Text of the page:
- Original Article
- Open Access
How does CSR of food company affect customer loyalty in the context of COVID-19: a moderated mediation model
International Journal of Corporate Social Responsibility volume 7, Article number: 1 (2022)
Because of COVID-19 in the world, enterprises and consumers pay more and more attention to environmental protection, food safety and health issues. The purpose of this paper is to take China's food company as an example to study the impact of CSR on customer loyalty, mediating effects of company image and customer satisfaction, and moderating effects of COVID-19. The result shows that during COVID-19, company image and customer satisfaction have significant mediating effects, and COVID-19 positively moderate the impact of CSR on customer satisfaction.
In China, with the progress of science & technology and the improvement of people's living standards, people's views on food consumption have changed. Consumers pay more and more attention to corporate social responsibility (CSR) in environment and product safety (Ge 2018). In 2008, for example, China's Sanlu Group received repeated complaints from consumers that its milk powder contained substances that were harmful to human health. Later, Government Quality Inspection Department found that the company's milk powder contained "melamine" which was harmful to the child. The 'melamine' incident which fermented in September 2008 was a food safety scandal that shocked both at home and abroad. In the same way, public health events such as SARS in 2003 and the current COVID-19 epidemic in the world have made enterprises and consumers pay more and more attention to environmental protection, food safety and health. Therefore, studying the impact of social responsibility in the food industry on customer loyalty, and whether public health events play a moderating role in this impact, it is very necessary to understand the characteristics of consumer behaviors and CSR.
The purpose of this paper is to take China's food company as an example to study the impact of CSR on customer loyalty. The research literature on the relationship between customer loyalty and CSR is rich, and most of them believe that CSR has a significant impact on customer loyalty (Osakwe and Yusuf 2020). However, although different scholars have studied different industries, there are few studies on China's food industry. Moreover, due to the global COVID-19 epidemic in 2020, this public health event has changed people's consumption patterns and views on CSR, so the innovation of this paper is to pay attention to China's food companies and the moderating role of COVID-19. The second part is a literature review and hypotheses, the third part is model and variable description, the fourth part is questionnaire design and data analysis. Finally, the conclusion is given.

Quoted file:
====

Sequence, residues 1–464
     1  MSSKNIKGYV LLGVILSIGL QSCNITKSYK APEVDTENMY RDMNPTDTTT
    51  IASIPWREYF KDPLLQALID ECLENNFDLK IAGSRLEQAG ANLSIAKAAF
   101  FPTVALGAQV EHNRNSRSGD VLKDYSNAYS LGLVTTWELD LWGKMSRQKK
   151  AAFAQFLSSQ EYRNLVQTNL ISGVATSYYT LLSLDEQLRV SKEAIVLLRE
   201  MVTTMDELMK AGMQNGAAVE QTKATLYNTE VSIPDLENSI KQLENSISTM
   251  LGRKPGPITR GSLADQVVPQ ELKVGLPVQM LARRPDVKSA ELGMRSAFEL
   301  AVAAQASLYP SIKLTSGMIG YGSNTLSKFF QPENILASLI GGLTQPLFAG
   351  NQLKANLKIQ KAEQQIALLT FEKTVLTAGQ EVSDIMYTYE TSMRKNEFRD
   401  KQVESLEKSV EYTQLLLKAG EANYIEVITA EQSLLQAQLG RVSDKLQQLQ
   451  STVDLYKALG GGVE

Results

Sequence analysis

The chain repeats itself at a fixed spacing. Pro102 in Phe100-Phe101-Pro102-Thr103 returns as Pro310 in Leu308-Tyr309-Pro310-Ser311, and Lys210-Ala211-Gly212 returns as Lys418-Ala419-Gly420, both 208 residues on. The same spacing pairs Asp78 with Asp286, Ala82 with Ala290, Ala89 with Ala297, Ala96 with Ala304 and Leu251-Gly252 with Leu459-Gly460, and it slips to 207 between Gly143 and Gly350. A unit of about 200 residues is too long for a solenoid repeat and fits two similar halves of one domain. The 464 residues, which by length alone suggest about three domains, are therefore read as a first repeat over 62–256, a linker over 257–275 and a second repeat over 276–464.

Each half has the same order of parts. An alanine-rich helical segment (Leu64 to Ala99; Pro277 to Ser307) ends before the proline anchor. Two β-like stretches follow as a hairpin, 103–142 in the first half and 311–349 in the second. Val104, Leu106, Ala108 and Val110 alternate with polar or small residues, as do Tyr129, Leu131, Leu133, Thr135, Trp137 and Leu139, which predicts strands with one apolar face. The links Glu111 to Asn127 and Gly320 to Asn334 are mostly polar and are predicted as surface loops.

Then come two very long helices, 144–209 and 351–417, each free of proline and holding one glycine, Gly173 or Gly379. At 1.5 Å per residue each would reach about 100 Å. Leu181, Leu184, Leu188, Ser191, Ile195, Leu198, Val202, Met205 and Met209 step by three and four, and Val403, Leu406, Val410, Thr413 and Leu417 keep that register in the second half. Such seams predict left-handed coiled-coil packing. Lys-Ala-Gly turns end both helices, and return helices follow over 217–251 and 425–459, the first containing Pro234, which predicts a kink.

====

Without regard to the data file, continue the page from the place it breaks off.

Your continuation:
CSR, Customer Loyalty, Corporate Image and Customer Satisfaction
Ever since Sheldon (1924) first defined CSR, many scholars have discussed it from different views. From the enterprises’ perspective, Sheldon argues that enterprises should bear all kinds of social influence from the perspective of ethical events. According to the Council of Europe (2011), CSR is a social influence, an important enterprise resource considered to affect customers’ perception of the enterprise (Yuen et al. 2016). Frederick (1983) put forward spontaneous and compulsory social responsibility. Spontaneous social responsibility tends to charity donation, while compulsory social responsibility refers to the responsibility stipulated by laws and regulations. Carroll (1991) expanded the above contents, dividing the CSR from low to high into four aspects, namely, economic responsibility, legal responsibility, ethical responsibility and charitable responsibility, and describing them in the form of CSR pyramids. By synthesizing concepts of CSR, (Yang and Guo 2014) argue that social responsibility has evolved from ethical philosophy, corporate sustainability, ethics and values to religion.
From the stakeholder’s perspective, (Brown and Dacin 1997) argue that although enterprises still have the responsibility to shareholders in the past, more attention needs to be paid to social responsibility to other stakeholders, including employees, consumers, communities, customers, governments, etc. (Sarkar and Searcy 2016) divide CSR into three stages by analysing the evolution process and synthesizing the research contents of the three stages. They believe that CSR includes economic responsibility, social responsibility, ethical responsibility, stakeholder responsibility, sustainability and so on. According to Han et al. (2020)’s analysis, CSR is a comprehensive concept, including active social responsibility activities, passive social response, and some contributions beneficial to society.